9.      Ourprogramme of Arts & Health activity has gained momentum during the pandemic and now extends to:

        i.            Investing in training, networking and the sharing of best practice and case studies through WAHWN Wales Arts Health & Wellbeing Network;

       ii.            Collaborating with all seven Health Boards on a national programme to support people’s mental health through the arts with partnership funding from the Baring Foundation;

     iii.            Backing innovation through our partnership with Y Lab and the HARP Programme to test hybrid delivery models and new ideas and that can be sustained and scaled;

     iv.            Developing a website of creative resources – the Cultural Cwtsh – to support the wellbeing of frontline NHS and social care staff in Wales as we emerge from the pandemic.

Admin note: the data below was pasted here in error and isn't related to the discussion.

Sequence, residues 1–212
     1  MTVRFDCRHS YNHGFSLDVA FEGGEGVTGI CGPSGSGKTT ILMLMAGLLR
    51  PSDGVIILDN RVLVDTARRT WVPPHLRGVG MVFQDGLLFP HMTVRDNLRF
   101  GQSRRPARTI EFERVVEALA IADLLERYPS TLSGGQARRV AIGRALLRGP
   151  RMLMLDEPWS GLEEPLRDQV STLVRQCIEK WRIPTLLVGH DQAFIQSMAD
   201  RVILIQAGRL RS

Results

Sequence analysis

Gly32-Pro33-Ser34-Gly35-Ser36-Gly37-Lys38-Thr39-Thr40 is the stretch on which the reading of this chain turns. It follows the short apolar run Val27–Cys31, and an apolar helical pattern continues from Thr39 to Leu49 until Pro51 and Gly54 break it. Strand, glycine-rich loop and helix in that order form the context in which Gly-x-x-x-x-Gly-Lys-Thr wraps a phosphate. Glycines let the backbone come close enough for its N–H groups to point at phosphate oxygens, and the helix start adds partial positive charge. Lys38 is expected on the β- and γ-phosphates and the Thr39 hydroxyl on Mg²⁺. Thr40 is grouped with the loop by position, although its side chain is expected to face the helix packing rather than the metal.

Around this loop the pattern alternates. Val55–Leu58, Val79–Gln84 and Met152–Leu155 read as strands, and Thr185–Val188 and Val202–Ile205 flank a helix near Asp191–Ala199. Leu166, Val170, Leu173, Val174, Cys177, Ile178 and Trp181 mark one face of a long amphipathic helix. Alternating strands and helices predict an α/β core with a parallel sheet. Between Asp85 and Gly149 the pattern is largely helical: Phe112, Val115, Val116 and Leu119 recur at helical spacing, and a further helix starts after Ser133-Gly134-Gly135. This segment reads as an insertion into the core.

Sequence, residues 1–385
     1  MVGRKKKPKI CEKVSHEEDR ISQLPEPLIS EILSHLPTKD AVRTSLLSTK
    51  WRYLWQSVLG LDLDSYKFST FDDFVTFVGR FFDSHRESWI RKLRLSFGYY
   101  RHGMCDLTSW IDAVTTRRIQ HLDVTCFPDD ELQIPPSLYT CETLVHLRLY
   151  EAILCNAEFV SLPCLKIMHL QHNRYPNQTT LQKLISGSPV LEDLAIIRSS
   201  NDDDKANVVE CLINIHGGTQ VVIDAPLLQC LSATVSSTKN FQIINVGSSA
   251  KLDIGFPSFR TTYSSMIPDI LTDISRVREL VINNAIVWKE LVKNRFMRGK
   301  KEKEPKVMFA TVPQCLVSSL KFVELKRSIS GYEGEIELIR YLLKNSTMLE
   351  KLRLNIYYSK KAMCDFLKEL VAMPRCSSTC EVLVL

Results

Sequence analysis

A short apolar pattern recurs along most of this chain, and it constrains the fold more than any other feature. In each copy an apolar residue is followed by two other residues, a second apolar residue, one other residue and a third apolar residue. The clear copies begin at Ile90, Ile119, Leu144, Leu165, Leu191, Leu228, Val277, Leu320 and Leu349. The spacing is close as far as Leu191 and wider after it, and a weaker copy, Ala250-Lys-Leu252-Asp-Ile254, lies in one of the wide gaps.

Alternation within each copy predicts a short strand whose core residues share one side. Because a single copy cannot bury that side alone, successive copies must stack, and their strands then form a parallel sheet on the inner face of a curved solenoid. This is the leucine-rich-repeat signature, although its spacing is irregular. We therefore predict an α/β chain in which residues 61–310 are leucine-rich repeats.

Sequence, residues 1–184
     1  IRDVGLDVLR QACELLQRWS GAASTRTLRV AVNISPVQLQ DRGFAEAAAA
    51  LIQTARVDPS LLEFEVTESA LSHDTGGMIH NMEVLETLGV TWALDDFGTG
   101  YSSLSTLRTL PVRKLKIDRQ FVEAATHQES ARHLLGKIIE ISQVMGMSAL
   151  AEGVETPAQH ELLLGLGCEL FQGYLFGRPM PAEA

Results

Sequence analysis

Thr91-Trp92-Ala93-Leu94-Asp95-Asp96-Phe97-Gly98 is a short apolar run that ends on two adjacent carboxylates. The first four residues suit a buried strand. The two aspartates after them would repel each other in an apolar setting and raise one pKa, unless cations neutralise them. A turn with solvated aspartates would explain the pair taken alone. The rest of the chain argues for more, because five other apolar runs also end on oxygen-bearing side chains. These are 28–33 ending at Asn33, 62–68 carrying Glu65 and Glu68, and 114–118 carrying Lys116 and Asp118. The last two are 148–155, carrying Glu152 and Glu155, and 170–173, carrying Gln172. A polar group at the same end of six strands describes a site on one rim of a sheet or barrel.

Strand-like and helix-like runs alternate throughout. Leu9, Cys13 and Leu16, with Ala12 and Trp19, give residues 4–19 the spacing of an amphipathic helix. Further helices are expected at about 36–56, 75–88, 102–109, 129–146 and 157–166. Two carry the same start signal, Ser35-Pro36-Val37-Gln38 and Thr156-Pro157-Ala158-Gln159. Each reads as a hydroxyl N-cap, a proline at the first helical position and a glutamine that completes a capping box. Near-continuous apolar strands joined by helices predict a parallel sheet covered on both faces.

v.            Through a joint programme of work with Amgueddfa Cymru – Celf ar y Cyd –finding new ways to share and exhibit artwork from our national collections within healthcare settings across Wales;

     vi.            Acting as the secretariat for the National Assembly’s Cross-party Group on Arts & Health.


10.  Partnership is at the heart of all Arts & Health work – and by working alongside partners in Health and Social Care, we are able to reach wider. The NHS is the ultimate universal service and Arts and Heath projects often involve people and communities who might not consider themselves to be regular arts participants (although they could be frequent users of healthcare services).  By their very nature, Arts and Health projects are often designed to benefit some of the most marginalised and vulnerable people in our communities and can help us extend the benefits of the arts to those who stand to benefit the most.  With Covid-19 disproportionately impacting certain communities (including those from ethnically and culturally diverse backgrounds as well as those from poorer communities), Arts & Health interventions can also make an important contribution to extending equalities.